A mother died from sepsis after a “breakdown in care” which saw her kept inside an ambulance in a hospital car park for nearly three hours, her family have said.
Samantha Brousas, 49, died from the condition 48 hours after being admitted to an emergency department in North Wales which was described as being severely overcrowded at the time.
On Friday, a coroner issued a prevention of future deaths report to the Welsh Ambulance Service, after paramedics failed to give a “pre-alert” to A&E staff at Wrexham Maelor Hospital that Ms Brousas was critically ill.
Coroner Joanne Lees gave a narrative verdict at North Wales Coroner’s Court, saying the delay in treating Ms Brousas inside the hospital did not cause her death, but paramedics had not followed guidelines in failing to issue the alert.
Ms Brousas, from Gresford, Wrexham, had been feeling unwell for over a month when she attended her GP surgery on February 19 and 20 last year and was told she had a viral infection.
Feeling worse the next day, her daughter called NHS 111 who arranged for an ambulance, but upon arriving at the hospital its crew were told there were no beds available, and paramedics were unable to administer antibiotics in the ambulance.
After eventually being admitted she died from sepsis two days later on February 23.
Following the coroner’s verdict, Ms Brousas’s partner Simon Goacher and daughter Sophie Brousas said in a statement: “We have heard details throughout the inquest of a complete breakdown in the care that Sam should have received.
“We all put our trust in the healthcare professionals to provide Sam with the best treatment and we feel that she was let down in the worst possible way.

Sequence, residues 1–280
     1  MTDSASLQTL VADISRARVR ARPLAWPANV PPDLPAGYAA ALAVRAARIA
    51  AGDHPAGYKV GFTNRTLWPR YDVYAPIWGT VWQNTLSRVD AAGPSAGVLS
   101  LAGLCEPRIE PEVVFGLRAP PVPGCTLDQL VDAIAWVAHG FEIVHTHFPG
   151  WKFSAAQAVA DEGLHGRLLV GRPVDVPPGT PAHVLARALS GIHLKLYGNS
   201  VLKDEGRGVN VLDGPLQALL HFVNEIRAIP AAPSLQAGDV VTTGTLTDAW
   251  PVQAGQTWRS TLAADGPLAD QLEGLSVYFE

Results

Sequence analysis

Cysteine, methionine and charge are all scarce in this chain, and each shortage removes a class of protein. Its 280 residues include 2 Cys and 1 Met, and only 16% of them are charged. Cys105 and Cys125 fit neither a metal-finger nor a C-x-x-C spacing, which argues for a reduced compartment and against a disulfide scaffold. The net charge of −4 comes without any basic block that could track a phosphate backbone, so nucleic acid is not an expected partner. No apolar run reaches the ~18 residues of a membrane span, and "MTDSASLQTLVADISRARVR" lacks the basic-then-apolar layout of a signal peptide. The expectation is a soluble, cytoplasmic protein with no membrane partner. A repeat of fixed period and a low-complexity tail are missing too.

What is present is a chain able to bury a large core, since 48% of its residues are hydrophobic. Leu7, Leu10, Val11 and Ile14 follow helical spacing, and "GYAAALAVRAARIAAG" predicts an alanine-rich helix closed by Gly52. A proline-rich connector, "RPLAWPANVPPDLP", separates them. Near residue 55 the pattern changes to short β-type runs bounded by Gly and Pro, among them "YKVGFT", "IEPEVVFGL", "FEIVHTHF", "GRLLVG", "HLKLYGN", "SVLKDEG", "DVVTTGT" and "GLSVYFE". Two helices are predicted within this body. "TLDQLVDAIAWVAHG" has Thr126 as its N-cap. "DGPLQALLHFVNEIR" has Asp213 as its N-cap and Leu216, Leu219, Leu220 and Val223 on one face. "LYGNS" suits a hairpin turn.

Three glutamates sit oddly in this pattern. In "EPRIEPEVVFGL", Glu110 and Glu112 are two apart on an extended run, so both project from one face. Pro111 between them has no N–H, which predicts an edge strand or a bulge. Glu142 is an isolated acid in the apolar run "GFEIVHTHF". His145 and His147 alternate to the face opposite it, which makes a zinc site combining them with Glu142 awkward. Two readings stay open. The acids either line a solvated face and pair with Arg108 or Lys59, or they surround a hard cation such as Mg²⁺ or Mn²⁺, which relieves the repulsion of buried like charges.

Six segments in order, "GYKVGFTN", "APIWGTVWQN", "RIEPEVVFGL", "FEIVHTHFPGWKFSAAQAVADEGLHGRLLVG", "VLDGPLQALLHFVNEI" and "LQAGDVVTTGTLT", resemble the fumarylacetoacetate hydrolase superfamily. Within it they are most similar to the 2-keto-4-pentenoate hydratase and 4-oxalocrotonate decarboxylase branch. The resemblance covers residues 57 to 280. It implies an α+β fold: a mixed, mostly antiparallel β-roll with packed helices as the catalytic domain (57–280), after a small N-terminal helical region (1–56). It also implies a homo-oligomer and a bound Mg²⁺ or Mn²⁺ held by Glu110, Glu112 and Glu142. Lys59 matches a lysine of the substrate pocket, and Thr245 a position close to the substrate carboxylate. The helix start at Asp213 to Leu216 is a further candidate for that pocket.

“Nothing will bring our beloved Sam back but we urge all those that were involved in her care to learn lessons from what happened to her and work together to make sure that significant changes are made quickly.
“It is disgraceful that this could have happened and we want to make sure it does not happen to anyone else.”
Stephen Jones, clinical negligence solicitor at law firm Leigh Day, who represented the family, said: “The absolute tragedy of this case is that all those healthcare professionals who came into contact with Sam on February 21 recognised at the time that she had sepsis and understood that sepsis is a potentially fatal, time-critical condition.”
Dr Brendan Lloyd, deputy chief executive at the Welsh Ambulance Service, said it accepts the coroner’s conclusion and steps have been taken to improve patient safety.
He said: “There are clearly lessons to be learned from this case for both us and our colleagues at Betsi Cadwaladr University Health Board, which is why we have been working with them in earnest to reduce the risk of this happening again in future.”
A spokesman for Betsi Cadwaladr University Health Board said it also accepts the coroner’s verdict, adding: “We know that lessons must be learned.”